Author: Mia Bay
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Summary: A great blend of scholarly rigor and pop history approachability.
This biography of Ida B Wells started slowly for me, but ended up being a great read. I’d obviously heard of Wells before, but pretty much all I knew was that she was a journalist. It turns out that’s only a tiny glimpse of her impressive accomplishments. In her early teens, the death of Ida’s parents forced her to become a school teacher and take on the responsibility of raising her siblings. The author does a great job of showing how this challenging childhood shaped Ida’s later opinions and life choices. The author also highlights that Ida was impressively self-taught, becoming a famous Black female journalist and co-owner of a newspaper in her thirties in the 1800’s. Ida’s achievement of this level of success with very little formal schooling is incredible. However, we also see that her lack of formal credentials may have combined with sexism, classism, and her uncompromising views on injustice to prevent her from achieving the leadership roles and recognition she deserved in her own life time.
As I’ve already shown a bit in the prior paragraph, this book was memorable for its ability to put Ida’s life in context. I could see how her personal history influenced her life. The author also clearly showed the significance of Ida’s work on lynching. Her efforts were among the first to show that the common justification of lynching as punishment for rape was a complete fabrication. Most victims of lynching weren’t even accused of rape and few of the accusations that were brought had any basis in fact. Ida’s work made lynching an issue women could talk about. Her journalistic approach to the topic was influential, as was the work of others who adopted her methods. Her approach to anti-lynching efforts, legislative challenges to discrimination, and forceful protests also shaped the work of organizations such as the NAACP long after her death.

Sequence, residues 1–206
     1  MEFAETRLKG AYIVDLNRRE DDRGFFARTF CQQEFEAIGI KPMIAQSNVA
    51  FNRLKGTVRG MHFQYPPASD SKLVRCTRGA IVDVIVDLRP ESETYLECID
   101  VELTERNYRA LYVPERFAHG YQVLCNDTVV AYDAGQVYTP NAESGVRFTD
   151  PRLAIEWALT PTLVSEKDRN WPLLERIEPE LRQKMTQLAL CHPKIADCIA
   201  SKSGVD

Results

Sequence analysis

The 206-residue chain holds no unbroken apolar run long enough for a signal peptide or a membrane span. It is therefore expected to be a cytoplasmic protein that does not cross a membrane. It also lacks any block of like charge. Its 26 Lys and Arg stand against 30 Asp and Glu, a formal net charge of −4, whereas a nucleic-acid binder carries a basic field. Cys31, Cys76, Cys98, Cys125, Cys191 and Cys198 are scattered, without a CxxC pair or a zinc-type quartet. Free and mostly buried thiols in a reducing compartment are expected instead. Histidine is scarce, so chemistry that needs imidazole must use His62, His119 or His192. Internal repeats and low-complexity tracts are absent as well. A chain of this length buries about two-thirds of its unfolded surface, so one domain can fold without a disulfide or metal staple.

I really liked that this book made extensive use of primary sources. The quotes made me want to read some Ida’s own writing, although I am glad I read this first to get the broader context. The pictures also made this history feel more immediate and personal. Initially, I didn’t like that each chapter in this book began with a summary of the chapter contents. The author doesn’t tell you to expect this structure, so the first time it happened, I was confused by the repetition of events in the summary and then in the rest of the chapter. Once I understood this organization though, I found it made it easier to follow the story and its significance. I rarely encounter this approach outside of academic literature and think it could have used an introduction here.
It seems possible this book was originally written as an academic work. The text is dense on the page and the book is more than 300 pages. The citations seem very thorough and the structure of the chapters does also point in that direction. Although the dense intro almost put me off, I found that this was written in an engaging enough manner to make a good work of popular history. Despite the dense type, this book flew by once I got into the story. I ended up appreciating the academic touches – great citations, helpful summaries, highlighting of significance and historical context – and felt I got those benefits from a text written to be accessible for any reader.